Out at the peak

Thursday, December 31, 2009

Legal Disclaimer

The purpose of this blog is not to provide investment advice or to manage your money – THOSE ARE DECISIONS THAT YOU HAVE TO MAKE. If you do hold investments you should conduct your own research and evaluations taking into account other independent sources of information and commentary.

Tuesday, March 24, 2009

It's been a year for the Yeager Dr, SR listing

This Santa Rosa house just cannot get sold. It's been following the market with price for over a year now and hasn't been able to close escrow. This is either the 3rd or 4th time that it has been in escrow. Will it pull through?

The price reduction has been 25% or nearly $100K since the 2008 listing. The price reduction has been 36.5% or $164K since the last sale in 2004.

Is it time to buy yet? In my opinion, no. Wait for all foreclosures from the Alt-A/Option-ARM resets to follow through. There are many people who haven't paid their mortgage for over 6 months and the bank hasn't filed for foreclosure yet.

Banks are also giving incentives (cash) to people who leave their property without damage. Banks are renting out their foreclosures so they don't have to realize their loss and/or waiting for a good time to sell. They could be renting those properties for awhile.

Won't the government force banks to renegotiate loans with delinquent borrowers? There has been little success with this. A large portion of those renegotiations just default again. Refinancing can only help a few people now. Even though rates are super low now, anyone who bought in California in the last 7 years (estimate; give or take) has no equity for traditional refinancing.

2012 seems to be the magic year of when a bottom might occur (in California). When we do hit the bottom, there is no rush. Housing should start tracking inflation at that time and not repeat the rocketship increases for the rest of our lifetimes.
A great read on why this is.

Wednesday, May 07, 2008

My old house's value has dropped nearly 40%

This is another good day that I'm so glad I sold at the peak.

The house became an REO and sold for 34% below the peak price. I'm sure the buyer thought s/he was getting a great deal.

The same model (one year newer) on the next street that is better (AC, granite countertops) is listed for 8.4% lower than the REO price. (Or a 40% discount from peak price.) It's been on the market for 48 days. We'll see what happens with the purchase price. This listing is a short sale (not REO), and it's $110K less than its last purchase from 2004.

If I held on, I would have a little equity, but not much. It would be a <2% appreciation YoY. That's less than inflation.

My old house was a new construction neighborhood in 2001. If comps get much lower (46.5% total discount from peak), then even original owners will be in negative equity position. I think that could happen by the end of the year. Ouch.

Thursday, November 15, 2007

36 cents a day, that's all it takes

People of the world, we need your help. The USA runs a $811.5 billion annual deficit. We need foreign support to keep it going as is. With 6.6 billion people in the world and 300 million in the USA, we are looking at the other 6.3 billion people to finance this. We just need 36 cents a day ($128.80 a year). For 1/12th of a cup of coffee (at Starbucks), you can flourish the American dream for 300 million living in the good ol' USA.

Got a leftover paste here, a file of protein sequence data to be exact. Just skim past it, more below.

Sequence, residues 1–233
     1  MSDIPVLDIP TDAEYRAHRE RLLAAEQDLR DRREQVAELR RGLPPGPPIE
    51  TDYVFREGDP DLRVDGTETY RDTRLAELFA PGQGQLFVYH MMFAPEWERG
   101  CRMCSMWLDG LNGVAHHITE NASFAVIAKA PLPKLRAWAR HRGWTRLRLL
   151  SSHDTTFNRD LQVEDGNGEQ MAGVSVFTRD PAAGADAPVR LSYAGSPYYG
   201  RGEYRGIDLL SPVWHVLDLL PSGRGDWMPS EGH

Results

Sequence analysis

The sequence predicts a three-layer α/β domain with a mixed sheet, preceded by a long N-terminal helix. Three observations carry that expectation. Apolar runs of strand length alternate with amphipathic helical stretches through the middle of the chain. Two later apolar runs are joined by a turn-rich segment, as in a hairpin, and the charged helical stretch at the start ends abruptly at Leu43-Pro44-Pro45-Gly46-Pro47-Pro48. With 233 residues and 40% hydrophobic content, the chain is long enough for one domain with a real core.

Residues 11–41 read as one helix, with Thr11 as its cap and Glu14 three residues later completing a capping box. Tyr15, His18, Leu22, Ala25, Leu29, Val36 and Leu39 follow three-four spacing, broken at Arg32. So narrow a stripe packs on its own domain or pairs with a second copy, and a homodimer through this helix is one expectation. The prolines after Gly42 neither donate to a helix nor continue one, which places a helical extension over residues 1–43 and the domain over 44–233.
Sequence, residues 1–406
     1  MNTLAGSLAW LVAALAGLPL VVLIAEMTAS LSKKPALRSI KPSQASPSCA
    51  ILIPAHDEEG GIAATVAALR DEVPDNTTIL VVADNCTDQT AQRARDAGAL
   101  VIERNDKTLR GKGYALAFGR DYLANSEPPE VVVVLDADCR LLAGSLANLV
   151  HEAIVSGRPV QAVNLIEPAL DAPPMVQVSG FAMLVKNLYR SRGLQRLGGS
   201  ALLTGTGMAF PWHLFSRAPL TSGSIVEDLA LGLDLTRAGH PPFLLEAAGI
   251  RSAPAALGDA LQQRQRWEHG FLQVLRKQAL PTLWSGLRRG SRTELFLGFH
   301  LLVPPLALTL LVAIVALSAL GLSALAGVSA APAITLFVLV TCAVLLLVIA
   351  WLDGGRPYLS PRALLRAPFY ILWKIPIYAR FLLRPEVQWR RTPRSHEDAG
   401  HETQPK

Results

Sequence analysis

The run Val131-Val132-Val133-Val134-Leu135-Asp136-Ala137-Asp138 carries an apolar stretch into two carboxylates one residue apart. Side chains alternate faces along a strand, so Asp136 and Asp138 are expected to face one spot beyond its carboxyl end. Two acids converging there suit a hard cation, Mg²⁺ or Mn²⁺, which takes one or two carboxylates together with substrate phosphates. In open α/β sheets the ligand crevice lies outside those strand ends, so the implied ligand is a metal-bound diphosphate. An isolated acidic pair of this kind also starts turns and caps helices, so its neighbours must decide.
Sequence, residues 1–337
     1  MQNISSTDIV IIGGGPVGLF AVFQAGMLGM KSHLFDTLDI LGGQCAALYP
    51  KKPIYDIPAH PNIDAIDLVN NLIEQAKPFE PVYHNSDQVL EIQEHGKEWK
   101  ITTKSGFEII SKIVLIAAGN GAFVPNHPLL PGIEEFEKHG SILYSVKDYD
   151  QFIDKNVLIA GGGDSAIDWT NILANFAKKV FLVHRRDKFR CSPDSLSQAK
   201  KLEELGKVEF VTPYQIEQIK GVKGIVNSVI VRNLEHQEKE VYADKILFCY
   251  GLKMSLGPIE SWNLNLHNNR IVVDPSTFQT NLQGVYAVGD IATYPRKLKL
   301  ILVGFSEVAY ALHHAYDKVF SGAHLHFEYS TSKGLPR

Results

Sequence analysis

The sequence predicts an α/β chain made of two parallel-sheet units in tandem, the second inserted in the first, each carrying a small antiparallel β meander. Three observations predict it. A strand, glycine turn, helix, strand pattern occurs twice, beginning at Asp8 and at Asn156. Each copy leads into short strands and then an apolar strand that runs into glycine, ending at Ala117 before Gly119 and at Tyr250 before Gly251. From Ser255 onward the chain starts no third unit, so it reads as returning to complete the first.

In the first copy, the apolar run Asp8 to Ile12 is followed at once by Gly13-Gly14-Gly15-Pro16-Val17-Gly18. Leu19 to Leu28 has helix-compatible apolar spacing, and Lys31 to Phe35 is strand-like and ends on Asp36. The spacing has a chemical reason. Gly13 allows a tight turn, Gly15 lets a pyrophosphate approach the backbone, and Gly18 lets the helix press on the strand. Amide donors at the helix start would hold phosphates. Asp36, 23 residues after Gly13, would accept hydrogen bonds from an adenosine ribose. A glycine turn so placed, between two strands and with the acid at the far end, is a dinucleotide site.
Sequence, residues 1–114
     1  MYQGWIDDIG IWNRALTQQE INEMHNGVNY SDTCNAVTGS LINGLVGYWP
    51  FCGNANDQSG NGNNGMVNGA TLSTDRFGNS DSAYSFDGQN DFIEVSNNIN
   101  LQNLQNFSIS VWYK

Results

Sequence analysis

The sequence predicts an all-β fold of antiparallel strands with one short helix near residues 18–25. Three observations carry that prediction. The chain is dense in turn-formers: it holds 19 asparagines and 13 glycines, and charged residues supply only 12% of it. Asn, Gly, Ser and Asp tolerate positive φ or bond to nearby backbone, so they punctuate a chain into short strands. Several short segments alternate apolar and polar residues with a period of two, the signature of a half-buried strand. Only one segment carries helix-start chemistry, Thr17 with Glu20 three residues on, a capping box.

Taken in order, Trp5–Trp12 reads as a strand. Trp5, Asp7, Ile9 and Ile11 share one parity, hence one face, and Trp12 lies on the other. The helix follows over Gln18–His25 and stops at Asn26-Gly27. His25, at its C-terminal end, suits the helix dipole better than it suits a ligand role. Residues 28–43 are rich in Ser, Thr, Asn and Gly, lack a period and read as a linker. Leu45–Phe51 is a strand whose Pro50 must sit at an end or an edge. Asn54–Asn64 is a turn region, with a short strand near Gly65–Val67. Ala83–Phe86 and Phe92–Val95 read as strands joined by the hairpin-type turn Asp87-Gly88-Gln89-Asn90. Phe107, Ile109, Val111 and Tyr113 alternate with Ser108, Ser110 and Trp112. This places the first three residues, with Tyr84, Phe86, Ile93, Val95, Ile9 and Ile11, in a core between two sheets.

Wednesday, November 07, 2007

Too easy to find properties in trouble in Santa Rosa, CA

I was just browsing redfin.com and found that more than half of the houses listed in a few areas of Santa Rosa, CA were losing a lot of money. A chunk of them have been listed for over 90 days. Most of the ones that were not in trouble didn't have sales records, so who knows what the case is.

LinkPeak Sale DatePeak Sale PriceCurrent Asking PriceMoney Lost
1347 Peterson Ln08/11/2005$615,000$399,000$216,000
4048 Match Point Ave12/30/2005$610,000$395,000$215,000
4036 Louis Krohn Dr06/07/2005$639,000$435,000$214,000
2955 Sunny Wood Cir01/10/2006$649,000$450,000$199,000
2613 Rosevine Ln05/30/2006$637,000$449,900$187,100
1232 Lombardi Ln08/31/2005$540,000$359,000$181,000
3915 Deuce Dr11/30/2005$625,000$445,000$180,000
4240 Quimby St11/03/2005$560,000$389,000$171,000
2545 Kally Ct05/02/2006$446,000$279,000$167,000
1516 Mayflower Pl09/09/2005$575,000$415,000$160,000
3916 Hogan Ave05/24/2006$650,000$499,000$151,000
3981 Louis Krohn Dr07/26/2006$577,000$429,900$147,100
4044 New Zealand Ave05/31/2006$675,000$529,900$145,100
2526 Edgewater Dr03/23/2006$680,000$545,000$135,000
1305 Lombardi Ln06/30/2006$465,000$365,000$100,000
4046 Louis Krohn Dr11/14/2006$565,000$465,000$100,000
4050 Louis Krohn Dr01/25/2006$585,000$500,000$85,000
1524 Pinebrook Pl05/20/2005$415,000$325,000$90,000
1551 Pinebrook Pl06/30/2004$350,000$284,900$65,100

Friday, September 28, 2007

Money is something most politicians don't understand

$5000 Free Money

This is off topic, but it still addresses one of the root problems today. "Hillary Rodham Clinton said Friday that every child born in the United States should get a $5,000 'baby bond' from the government to help pay for future costs of college or buying a home."

Let's look at the stupidest commentary. "I think it's a wonderful idea," said Rep. Stephanie Stubbs Jones, an Ohio Democrat who attended the event and has already endorsed Clinton. "Every child born in the United States today owes $27,000 on the national debt, why not let them come get $5,000 to grow until their 18?"